It intends to ditch the majority of its fossil fuel investments, which accounts for around 4% of its current portfolio, over the next 12 months and the rest within the next three years.
The Trust is Europe’s largest conservation charity and looks after 780 miles of coastline, 248,000 hectares of land and more than 500 historic houses, castles, monuments, gardens, parks and nature reserves.
It previously made a commitment to ensure no investments were made directly in companies that derived more than 10% of their turnover form the extraction of thermal coal or oil from oil sands.
Its latest measures also include establishing a long term goal to continue reducing the carbon footprint of its investment portfolio, increasing engagement with companies it has invested in to encourage them to improve their environmental performance and actively seek opportunities to support green start-up businesses.
The Trust generates its own green heat and electricity through heat pumps, hydro power schemes and solar panels and is looking to explore farming and land management methods that reduce flooding and help clean water supplies while restoring wildlife.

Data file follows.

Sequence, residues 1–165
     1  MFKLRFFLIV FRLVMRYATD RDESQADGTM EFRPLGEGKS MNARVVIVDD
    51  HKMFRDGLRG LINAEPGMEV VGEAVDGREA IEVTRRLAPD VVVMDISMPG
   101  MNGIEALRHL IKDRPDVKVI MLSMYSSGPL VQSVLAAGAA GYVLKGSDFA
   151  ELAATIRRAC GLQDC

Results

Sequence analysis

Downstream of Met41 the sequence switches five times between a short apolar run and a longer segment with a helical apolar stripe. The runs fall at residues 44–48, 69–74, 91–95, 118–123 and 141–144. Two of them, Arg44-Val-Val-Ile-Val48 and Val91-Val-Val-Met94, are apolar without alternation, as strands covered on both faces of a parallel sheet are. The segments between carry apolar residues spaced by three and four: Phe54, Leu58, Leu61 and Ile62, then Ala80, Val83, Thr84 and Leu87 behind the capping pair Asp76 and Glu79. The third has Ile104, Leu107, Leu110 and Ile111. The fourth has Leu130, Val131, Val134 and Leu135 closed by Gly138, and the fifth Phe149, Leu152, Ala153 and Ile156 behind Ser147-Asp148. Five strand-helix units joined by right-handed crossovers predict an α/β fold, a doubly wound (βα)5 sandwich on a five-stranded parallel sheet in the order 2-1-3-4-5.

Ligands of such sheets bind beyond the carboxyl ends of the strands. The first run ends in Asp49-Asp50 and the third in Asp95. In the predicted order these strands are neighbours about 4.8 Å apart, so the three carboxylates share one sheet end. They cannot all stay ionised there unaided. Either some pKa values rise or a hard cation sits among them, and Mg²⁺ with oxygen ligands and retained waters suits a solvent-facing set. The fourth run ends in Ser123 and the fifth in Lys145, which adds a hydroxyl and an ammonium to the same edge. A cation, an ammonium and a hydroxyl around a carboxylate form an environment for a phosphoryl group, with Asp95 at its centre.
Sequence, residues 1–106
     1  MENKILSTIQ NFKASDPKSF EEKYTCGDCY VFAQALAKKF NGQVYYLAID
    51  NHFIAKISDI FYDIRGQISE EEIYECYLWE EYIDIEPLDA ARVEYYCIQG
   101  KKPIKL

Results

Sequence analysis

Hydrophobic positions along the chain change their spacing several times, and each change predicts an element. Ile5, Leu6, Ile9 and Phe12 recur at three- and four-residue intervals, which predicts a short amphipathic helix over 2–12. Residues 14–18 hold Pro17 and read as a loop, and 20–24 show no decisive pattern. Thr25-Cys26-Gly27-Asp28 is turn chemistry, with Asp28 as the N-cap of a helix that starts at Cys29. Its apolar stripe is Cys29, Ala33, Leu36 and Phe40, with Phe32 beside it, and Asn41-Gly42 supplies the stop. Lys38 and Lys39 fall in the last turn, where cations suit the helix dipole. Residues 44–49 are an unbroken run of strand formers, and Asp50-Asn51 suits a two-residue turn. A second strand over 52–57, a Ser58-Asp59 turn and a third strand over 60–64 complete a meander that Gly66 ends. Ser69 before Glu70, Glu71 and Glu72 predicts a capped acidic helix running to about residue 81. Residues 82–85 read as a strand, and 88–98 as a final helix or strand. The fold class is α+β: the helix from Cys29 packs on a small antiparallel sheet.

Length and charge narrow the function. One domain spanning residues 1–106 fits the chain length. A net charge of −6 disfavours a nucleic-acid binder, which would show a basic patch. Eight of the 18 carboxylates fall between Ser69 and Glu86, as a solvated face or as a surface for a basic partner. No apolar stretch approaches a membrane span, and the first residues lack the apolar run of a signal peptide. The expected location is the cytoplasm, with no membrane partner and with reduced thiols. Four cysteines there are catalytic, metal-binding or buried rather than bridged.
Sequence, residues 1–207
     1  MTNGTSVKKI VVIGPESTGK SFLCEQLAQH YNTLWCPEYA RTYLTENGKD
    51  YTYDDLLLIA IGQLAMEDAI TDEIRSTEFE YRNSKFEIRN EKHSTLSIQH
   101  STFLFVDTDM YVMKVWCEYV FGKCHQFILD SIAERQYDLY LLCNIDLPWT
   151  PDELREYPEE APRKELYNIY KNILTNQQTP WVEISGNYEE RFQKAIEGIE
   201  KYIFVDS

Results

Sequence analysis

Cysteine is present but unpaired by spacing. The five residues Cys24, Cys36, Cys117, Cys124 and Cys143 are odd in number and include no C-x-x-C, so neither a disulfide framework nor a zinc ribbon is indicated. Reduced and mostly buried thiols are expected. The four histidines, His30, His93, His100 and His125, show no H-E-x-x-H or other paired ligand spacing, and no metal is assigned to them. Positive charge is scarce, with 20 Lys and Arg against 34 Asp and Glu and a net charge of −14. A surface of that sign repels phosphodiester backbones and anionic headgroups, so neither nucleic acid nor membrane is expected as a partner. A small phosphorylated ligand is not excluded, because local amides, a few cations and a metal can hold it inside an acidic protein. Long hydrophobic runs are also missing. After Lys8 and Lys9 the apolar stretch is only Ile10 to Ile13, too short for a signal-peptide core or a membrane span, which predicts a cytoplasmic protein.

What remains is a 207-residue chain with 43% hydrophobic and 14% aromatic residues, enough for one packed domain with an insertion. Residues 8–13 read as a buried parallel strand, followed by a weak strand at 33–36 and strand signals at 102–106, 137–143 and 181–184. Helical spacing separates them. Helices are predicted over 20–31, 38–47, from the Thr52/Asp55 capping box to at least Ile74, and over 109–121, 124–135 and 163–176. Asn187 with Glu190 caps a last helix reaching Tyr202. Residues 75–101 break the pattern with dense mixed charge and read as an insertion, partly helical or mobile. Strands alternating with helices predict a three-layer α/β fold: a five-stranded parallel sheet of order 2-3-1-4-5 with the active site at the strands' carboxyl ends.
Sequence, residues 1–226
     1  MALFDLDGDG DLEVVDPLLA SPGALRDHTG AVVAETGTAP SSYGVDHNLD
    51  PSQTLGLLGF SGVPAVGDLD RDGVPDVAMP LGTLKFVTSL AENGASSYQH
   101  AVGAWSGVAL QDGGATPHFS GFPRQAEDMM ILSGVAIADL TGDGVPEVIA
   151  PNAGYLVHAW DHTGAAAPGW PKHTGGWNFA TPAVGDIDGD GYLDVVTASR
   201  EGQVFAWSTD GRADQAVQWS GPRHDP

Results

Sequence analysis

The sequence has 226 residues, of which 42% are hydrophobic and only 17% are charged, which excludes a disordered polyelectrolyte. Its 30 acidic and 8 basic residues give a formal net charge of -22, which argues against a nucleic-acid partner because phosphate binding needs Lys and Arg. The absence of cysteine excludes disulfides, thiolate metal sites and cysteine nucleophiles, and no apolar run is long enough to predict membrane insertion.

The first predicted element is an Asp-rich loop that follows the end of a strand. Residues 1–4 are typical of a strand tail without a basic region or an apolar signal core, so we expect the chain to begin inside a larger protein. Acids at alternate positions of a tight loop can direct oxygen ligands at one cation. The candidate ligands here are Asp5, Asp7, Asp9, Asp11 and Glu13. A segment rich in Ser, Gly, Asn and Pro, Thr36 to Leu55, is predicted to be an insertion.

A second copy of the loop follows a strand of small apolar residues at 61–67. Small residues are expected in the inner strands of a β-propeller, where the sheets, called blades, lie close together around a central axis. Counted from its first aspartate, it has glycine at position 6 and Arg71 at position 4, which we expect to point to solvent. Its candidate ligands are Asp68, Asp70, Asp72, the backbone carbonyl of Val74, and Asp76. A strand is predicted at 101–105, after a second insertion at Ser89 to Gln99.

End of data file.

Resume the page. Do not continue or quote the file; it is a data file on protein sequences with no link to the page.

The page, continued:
It also has a plan to phase out single-use plastics from its shops and “substantially reduce” it in its cafes by 2022.
Hilary McGrady, Director-General of the National Trust said: “Returns from our investments are vital for helping us protect and care for special places across the nation. They enable us to look after the natural environment and keep our membership fees affordable to the millions of people who are part of our organisation.
“The impacts of climate change pose the biggest long term threat to the land and properties we care for and tackling this is a huge challenge for the whole nation.
“We know our members and supporters are eager to see us do everything we can to protect and nurture the natural environment for future generations. This change is part of our ongoing commitment.”